One of the top questions I get from business owners is: “Why isn’t my website making sales?”

Recently, I went through and offered some of my email subscribers a free review of their website (scroll to the bottom to sign up yourself if you haven’t already, I try to run these offers as much as I can).

In total, twenty-two websites were put forward for review during the 2 days the offer was open. Twenty included an answer to the simple question I asked (and I reviewed one that hadn’t by accident). So this is not a massive study, and it certainly won’t meet academic statistical rigour, but you should find the results interesting and helpful if you’re a website owner.

I found 6 critical website mistakes:

No. 1: Does The Site Have a Compelling Email Opt-in?

While all of the sites reviewed had an email opt-in somewhere, not one of them had a compelling incentive to have visitors opt-in.

In general, email newsletters are not a good opt-in incentive, that’s just not compelling enough:

“Sign up for our newsletter” is code for “We know you get loads of email, but if you subscribe here we’ll fill your inbox with even more email you don’t want to read”.

You could test using a discount coupon – but save your profit margin, you can do better than that!

Recommendations

  • Offer the visitor something that solves a problem they have, ideally directly related to your business. “Free Guide to XYZ”: guides, checklists and cheat-sheets are great.
  • They must actually provide genuine value, but they don’t have to be very long – in fact it’s better if they’re quick to consume.
  • Then start offering them valuable advice and building your credibility with them through their inbox via your autoresponder sequence

No. 2: Does The Site Have a Clear, Obvious Purpose and Visitor Benefits?

The first thing visitors look for is something to let them know they’re in the right place. Usually this a clear statement of purpose, or visitor benefits.

“What’s In It For Me?”

Of the review group, 30% made the website purpose very obvious and clear via a tagline or headline what the site was about. 25% less so, and a whole 45% of the sites didn’t make it clear at all.

Recommendations

  • Have a tagline or headline front and center so that visitors know what they’re looking at.
  • Read “Don’t Make Me Think” by Steve Krug to get a better understanding of what website visitors are looking for.

No. 3: Does The Site Have a Strong, Clear Call-to-Action?

After a clear purpose, the next thing to look for is the Call-to-Action. What action should I take? What does the site owner want people to do? Around 1/3rd of the sites did this well, with a strong, clear call to action (CTA), e.g. Book Now, Add to Cart, Contact Us, that stood out from the page content and told me what to do next. 25% had a weak call to action and 40% had none at all.

Recommendation

  • ensure every page on your site has at least one clear, strong call to action that stands out visually from the rest of the page content.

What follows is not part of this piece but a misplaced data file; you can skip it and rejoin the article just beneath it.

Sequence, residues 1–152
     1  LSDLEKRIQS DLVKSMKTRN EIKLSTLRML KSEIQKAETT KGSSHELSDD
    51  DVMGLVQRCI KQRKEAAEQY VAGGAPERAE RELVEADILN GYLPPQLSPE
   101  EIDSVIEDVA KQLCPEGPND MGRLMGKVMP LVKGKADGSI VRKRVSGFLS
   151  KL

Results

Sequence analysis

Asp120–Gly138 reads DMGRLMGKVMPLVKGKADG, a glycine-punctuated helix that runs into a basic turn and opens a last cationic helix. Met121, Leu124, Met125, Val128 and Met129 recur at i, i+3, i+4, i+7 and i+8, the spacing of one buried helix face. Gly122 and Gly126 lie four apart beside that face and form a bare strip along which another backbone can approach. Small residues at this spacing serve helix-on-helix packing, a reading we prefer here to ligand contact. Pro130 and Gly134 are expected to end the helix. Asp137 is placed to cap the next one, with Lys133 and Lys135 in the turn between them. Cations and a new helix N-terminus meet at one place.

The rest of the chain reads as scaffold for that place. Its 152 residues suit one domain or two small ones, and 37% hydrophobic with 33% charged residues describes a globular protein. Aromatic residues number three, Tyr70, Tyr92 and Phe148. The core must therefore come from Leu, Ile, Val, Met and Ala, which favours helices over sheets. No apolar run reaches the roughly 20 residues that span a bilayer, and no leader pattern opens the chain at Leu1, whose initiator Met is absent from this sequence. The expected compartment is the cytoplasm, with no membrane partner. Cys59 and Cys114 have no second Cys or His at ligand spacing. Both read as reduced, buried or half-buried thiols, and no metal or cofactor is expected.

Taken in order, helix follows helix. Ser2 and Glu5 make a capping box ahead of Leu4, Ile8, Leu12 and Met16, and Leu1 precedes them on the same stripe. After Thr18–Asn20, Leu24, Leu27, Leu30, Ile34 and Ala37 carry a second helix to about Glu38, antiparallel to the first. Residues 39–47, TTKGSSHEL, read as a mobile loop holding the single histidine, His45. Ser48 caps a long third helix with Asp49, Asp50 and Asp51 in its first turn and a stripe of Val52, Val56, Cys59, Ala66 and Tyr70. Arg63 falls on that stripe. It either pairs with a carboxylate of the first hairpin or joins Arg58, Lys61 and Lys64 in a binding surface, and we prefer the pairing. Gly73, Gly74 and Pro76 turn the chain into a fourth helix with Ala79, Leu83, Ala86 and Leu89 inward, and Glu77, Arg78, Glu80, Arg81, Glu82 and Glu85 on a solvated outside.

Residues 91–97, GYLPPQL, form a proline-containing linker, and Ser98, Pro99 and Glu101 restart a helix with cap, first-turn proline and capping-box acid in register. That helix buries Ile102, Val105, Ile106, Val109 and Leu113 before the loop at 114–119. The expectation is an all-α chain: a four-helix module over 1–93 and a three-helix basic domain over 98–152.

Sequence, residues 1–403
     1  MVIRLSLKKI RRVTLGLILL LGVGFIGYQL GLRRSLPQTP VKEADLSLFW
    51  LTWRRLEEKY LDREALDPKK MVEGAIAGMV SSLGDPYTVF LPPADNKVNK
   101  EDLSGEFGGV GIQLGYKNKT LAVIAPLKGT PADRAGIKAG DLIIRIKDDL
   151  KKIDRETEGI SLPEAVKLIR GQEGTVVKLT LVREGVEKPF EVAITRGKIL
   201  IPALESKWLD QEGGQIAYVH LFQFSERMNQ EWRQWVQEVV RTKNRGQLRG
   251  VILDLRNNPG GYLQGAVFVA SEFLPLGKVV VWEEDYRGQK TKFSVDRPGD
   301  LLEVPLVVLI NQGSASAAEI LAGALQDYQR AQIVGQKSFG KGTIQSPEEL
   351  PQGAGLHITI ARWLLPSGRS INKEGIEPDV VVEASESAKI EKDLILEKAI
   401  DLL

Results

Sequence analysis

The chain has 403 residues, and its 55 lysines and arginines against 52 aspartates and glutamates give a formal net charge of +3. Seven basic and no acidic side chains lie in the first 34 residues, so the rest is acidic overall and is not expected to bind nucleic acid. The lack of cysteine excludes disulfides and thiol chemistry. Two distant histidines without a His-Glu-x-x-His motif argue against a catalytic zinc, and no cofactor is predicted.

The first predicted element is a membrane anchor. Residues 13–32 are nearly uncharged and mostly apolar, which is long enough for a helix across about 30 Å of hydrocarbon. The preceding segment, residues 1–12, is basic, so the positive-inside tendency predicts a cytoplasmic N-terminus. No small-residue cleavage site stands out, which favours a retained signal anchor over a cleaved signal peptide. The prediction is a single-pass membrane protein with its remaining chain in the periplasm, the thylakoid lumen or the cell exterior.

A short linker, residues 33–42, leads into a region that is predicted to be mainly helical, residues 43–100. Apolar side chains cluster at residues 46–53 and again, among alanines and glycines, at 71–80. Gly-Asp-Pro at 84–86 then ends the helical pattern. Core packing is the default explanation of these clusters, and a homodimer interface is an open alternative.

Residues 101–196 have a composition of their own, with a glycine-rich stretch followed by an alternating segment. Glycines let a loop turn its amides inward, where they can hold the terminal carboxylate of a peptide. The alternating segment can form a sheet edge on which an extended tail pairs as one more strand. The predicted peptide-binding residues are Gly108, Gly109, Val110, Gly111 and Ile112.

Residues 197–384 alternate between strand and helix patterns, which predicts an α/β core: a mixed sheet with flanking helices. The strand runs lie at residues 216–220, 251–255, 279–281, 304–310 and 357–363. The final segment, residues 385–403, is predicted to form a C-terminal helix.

No. 4: Does The Site Have a Quality “About” Page?

The About Page is the 2nd most visited page on a website – after the homepage – and crucial in building trust with a potential customer.

Only 10% of the sites reviewed had a good About page that included photos of the business owners/staff, names and a bit of background. The rest had far less, usually just a block of generic text that could be copied and pasted onto a competitor’s site.

You’re asking people to trust you with their hard earned cash, so you have to include more information than that.

Recommendations

  • Include details of why you want to serve your particular customers and what you do for them
  • Include the business owner and staff photos
  • Include your street address and photos of the business location if possible

No. 5: Does The Site Have Good Design Aesthetic?

It’s somewhat subjective, but most visitors recognise a professional design when they see it, even if they can’t articulate the details. And it’s a big factor in generating online sales. Visitors will spend money on a site they trust, and design aesthetic is crucial in building that trust.

There was a mixed-bag in the review group when it came to design aesthetic: almost a 3-way tie between good, average and poor designs.

Recommendation

  • If you can, get a professional designer to tweak your site design.
  • Reduce the number of fonts, colours and textures.

No. 6: Does The Site Have a Responsive Design?

In this study, thankfully the vast majority of sites were responsive. If you’re one of the few who doesn’t have a responsive website, you need to get to work on updating your website, or say goodbye to 50%+ of your traffic.

Recommendation

  • If your site is not responsive, it’s past time for an upgrade. Start looking for a responsive theme or talk to a web design company.

 

The sites:

Here’s some background information on the type of sites by type:

  • Product or service: There was an almost even split of product to service business
  • Customer type: also equally split between business-to-consumer (B2B) and business-to-business (B2C).
  • The website platform or content management system (CMS) breakdown was 67% on self-hosted WordPress (.org), 14% Shopify, 14% custom CMS, and 5% Wix.
  • Domain TLD: 75% were on .com.au domains, the rest were .com.

 

Have you got these problems on your own website? Looking for tips for resolving them as quickly as possible? Leave a comment below!

 

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